Too high praise cannot be accredited to the officers and men for their gallantry, fortitude, and manly courage during this brief but arduous campaign. Expoxed as they had been for five days immediately preceding the fights, on the picket line, they were, of course, somewhat wearied, but the order to move forward and confront the enemy brightened every eye and quickened every step. Under fire all through Wednesday, Wednesday night, and Thursday, without being able effectually to return this fire, they bore all bravely, and led the march towards Chancellorsville on Friday morning in splendid order. The advance of the brigade on Friday afternoon was made under the very eyes of our departed hero, Jackson, and of Major-General A. P. Hill, whose words of praise and commendation, bestowed upon the field, we fondly cherish, and on Sunday the magnificent charge of the brigade upon the enemy's last and most terrible stronghold was made in view of Major-General Stuart, and our division commander Major-General R. E. Rodes, whose testimony, that it was the most glorious charge of that most glorious day, we are proud to remember, and to report to our kindred and friends. To enumerate all the officers and men who deserve special mention for their gallantry, would be to return a list of all who were on the field. All met the enemy with unflinching courage: and for the privations, hardships, and splendid marches, all of which were cheerfully borne, they richly deserve the thanks of our beautiful and glorious Confederacy. I cannot close without mentioning the conspicuous gallantry and great efficiency of my regimental commanders. Colonel Parker, of the Thirtieth, who was detached during the fight of Sunday to support a battery, and having accomplished that object, moved forward on his own responsibility, and greatly contributed to wrest the enemy's stronghold at Chancellorsville from their grasp, as well as prevent their threatened demonstrations upon the right of my brigade. The gallant Grimes of the Fourth, whose conduct on other fields gave promise of what was fully realized on this. Colonel Bennett, of the Fourteenth, conspicuous for his coolness under the hottest fire; and last, though not least, the manly and chivalrous Cox, of the Second, the accomplished gentleman, splendid soldier, and warm friend, who, though wounded five times, remained with his regiment until exhausted. In common with the entire command I regret his temporary absence from the field, where he loved to be. Major Hart, Second North Carolina troops, commanded the skirmishers faithfully and well. To the field and company officers, one and all, my thanks are due for the zeal and bravery displayed under the most trying circumstances. To the gentlemen of my staff I owe especial thanks for services rendered on the march and upon the field. Captain Seaton Gales, assistant adjutant-general, and Lieutenant Richmond, aid-de-camp, were with me all the time, promptly carrying orders under the very hottest fire. I take pleasure, too, in speaking of the bearing of private James Stinson, courier, a youth of twenty, who displayed qualities a veteran might boast of, and of the conduct of private J. F. Beggarly, also a courier to headquarters. To Dr. Briggs, senior surgeon of the brigade, my thanks are due for his skill, zeal, and care of the wounded. I am, Sir, very respectfully, Your obedient servant,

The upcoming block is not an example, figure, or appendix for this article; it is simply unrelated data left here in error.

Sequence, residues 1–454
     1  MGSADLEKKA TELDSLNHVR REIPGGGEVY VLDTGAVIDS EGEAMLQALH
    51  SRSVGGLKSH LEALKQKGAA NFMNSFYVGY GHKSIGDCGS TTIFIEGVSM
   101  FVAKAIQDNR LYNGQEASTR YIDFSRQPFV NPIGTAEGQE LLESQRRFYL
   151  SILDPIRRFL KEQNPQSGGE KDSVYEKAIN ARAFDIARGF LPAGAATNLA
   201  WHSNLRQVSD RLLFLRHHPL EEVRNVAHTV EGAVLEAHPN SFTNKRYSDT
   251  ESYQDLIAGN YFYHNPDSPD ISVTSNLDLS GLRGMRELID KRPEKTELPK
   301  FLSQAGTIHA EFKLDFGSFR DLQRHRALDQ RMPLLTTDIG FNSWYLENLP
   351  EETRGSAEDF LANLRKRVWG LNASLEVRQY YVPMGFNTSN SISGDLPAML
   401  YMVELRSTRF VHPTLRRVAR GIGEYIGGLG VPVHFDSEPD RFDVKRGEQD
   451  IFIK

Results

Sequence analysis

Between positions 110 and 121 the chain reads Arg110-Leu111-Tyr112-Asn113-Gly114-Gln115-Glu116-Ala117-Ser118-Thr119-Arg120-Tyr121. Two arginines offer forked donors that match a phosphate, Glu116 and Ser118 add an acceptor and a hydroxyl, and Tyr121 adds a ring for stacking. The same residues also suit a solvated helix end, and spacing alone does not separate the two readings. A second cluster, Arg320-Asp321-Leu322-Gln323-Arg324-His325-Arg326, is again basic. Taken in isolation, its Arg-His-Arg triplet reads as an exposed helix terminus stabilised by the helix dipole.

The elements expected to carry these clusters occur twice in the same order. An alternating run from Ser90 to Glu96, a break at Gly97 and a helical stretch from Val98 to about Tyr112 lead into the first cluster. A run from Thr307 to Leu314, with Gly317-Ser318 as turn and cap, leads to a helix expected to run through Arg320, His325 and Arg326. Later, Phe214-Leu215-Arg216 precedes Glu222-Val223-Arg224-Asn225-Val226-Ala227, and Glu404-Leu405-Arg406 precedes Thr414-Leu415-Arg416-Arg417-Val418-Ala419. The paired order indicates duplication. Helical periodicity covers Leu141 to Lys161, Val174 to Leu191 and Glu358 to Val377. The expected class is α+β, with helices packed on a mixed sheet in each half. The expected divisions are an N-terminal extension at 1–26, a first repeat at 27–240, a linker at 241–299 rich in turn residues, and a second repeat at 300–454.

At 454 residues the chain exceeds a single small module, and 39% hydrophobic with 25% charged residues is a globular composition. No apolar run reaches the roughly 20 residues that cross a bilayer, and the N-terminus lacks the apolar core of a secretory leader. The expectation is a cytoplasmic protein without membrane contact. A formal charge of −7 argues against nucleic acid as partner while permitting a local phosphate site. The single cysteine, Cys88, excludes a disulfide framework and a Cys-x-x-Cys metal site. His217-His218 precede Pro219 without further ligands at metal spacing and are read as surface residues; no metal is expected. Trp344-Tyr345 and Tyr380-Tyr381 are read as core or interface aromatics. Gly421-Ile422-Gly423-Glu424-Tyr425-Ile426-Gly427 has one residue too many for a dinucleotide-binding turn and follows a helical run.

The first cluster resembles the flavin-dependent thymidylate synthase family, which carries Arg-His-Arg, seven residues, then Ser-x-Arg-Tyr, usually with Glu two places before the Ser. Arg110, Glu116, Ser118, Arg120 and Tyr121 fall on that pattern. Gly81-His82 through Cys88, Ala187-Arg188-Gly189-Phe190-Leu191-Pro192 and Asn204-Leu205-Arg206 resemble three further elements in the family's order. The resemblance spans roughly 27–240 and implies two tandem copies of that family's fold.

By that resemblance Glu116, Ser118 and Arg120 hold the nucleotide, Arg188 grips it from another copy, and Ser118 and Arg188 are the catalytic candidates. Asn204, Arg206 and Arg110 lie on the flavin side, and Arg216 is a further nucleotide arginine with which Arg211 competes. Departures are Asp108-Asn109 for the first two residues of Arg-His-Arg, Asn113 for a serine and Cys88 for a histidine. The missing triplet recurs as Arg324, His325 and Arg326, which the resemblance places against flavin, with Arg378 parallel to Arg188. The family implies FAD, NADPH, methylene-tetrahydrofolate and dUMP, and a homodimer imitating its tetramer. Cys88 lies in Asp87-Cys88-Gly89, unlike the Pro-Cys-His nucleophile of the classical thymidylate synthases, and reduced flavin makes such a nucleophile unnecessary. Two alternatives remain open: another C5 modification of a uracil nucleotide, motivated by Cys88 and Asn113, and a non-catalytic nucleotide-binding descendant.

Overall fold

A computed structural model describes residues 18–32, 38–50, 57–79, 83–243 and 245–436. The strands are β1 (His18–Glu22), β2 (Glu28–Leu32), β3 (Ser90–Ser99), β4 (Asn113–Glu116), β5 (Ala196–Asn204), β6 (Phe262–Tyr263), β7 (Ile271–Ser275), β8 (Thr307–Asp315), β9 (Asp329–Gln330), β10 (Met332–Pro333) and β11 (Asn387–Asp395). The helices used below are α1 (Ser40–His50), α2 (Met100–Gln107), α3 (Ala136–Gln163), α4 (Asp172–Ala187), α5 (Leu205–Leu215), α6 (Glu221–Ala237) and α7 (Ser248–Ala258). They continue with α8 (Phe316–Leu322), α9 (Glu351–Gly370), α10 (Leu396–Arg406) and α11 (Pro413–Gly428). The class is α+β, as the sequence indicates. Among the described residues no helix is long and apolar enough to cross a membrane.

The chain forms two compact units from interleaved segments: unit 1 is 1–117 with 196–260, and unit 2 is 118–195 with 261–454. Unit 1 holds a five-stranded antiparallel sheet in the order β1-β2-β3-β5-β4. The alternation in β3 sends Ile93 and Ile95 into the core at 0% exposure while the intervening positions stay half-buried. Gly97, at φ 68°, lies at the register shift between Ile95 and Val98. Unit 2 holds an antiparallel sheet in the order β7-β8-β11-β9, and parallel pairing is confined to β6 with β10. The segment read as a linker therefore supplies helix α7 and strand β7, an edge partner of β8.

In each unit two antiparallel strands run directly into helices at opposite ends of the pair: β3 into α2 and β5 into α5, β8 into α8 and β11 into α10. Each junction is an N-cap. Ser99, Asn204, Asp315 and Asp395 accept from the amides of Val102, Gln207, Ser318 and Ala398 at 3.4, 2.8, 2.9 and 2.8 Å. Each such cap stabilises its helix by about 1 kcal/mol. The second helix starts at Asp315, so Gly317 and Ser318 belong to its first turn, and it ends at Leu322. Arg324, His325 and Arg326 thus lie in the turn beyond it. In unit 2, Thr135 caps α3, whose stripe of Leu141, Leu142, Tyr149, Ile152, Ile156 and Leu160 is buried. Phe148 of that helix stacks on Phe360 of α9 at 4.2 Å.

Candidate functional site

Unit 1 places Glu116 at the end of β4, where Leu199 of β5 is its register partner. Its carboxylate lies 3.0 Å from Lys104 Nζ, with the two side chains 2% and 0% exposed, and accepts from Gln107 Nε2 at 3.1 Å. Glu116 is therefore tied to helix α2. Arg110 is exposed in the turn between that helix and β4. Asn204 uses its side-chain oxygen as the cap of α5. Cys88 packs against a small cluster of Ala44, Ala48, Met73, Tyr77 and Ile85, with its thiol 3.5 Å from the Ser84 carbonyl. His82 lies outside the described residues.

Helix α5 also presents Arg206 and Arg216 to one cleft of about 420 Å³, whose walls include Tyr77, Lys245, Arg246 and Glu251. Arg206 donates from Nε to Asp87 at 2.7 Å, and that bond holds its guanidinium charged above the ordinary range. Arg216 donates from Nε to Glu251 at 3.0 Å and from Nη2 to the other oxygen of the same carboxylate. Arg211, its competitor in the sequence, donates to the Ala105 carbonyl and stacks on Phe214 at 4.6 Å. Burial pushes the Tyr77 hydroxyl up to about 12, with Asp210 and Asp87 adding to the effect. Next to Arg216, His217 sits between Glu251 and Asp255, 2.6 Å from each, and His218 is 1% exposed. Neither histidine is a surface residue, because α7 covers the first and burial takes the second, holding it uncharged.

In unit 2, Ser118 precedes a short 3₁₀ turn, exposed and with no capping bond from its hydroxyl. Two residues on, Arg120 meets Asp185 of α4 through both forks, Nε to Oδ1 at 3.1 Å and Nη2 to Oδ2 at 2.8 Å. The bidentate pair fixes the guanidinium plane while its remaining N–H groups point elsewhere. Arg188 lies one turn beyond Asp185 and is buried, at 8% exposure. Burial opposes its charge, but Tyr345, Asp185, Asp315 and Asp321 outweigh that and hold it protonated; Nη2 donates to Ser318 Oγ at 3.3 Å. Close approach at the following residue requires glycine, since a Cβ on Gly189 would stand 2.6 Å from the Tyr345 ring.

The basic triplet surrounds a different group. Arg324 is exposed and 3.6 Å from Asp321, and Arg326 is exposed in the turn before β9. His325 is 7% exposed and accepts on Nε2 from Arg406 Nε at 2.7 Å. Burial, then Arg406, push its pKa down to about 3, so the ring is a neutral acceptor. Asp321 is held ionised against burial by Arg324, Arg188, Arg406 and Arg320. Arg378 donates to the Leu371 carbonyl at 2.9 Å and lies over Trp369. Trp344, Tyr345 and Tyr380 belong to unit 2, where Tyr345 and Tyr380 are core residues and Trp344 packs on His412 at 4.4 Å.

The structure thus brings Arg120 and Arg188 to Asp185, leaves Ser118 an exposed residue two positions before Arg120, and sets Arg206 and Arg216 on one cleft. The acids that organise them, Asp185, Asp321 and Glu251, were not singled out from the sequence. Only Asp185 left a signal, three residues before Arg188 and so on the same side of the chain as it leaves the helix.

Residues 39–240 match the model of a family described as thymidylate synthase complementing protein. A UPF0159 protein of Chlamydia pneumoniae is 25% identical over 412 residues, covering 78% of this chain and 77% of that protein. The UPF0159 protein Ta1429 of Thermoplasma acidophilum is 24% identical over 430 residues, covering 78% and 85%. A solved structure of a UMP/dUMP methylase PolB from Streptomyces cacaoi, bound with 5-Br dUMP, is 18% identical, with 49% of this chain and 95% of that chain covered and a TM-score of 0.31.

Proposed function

S. D. Ramseur, Brigadier-General, commanding.
Report of Brig.-General Barksdale.
Major: When General McLaws moved up the river on the night of the thirtieth of April, I was temporarily detached from my command, and ordered to report to General Early. My brigade was then at Marye's hill, with the exception of twelve companies, which were protecting the river from Taylor's hill to the Ferneyhough house. By General Early's order, I, with the Thirteenth and Seventeeth regiments, relieved the pickets of Generals Kershaw and Wofford above the railroad. The brigade was then extended over a picket line of not less than five miles. On Saturday appearances indicated that the enemy were leaving their encampments on this side of the river, and were marching to reenforce Hooker. By General Early's order, the Twenty-first regiment of my brigade was left to picket the river, while the other three regiments, with three of his brigades, proceeded to rejoin the main army at Chancellorsville. He had marched but a short distance, when it was reported that the enemy were advancing upon General Hays, who had been left with his brigade on the line from Hamilton's Crossing to Fredericksburg. General Early ordered the entire command to return to its former position. About two o'clock, on Sunday morning, having thrown a pontoon bridge over the river, the enemy commenced crossing into Fredericksburg in large numbers. I at once informed General Early of the fact, and asked for reenforcements. With several batteries, under the command of General Pendleton, and a single brigade of infantry, I had a front of not less than three miles to defend, extending from Taylor's hill on the left, to the foot of the hills in rear of the Howison house. The Twenty-first regiment was posted between the Marye house and the plank road, three companies of which were afterwards sent to the support of the Eighteenth regiment, which were stationed behind the stone wall at the Marye house. The Seventeenth regiment was placed in front of Lee's hill, and the Thirteenth still farther to the right. One regiment from General Hays's command was subsequently placed to the right of the Thirteenth. Four pieces of artillery were placed on the right of Marye's house, two on the left, and the balance on Lee's and the hills in the vicinity of the Howison house, thus making the only disposition of the small force at my command which, in my judgment, would prevent the enemy from passing the line.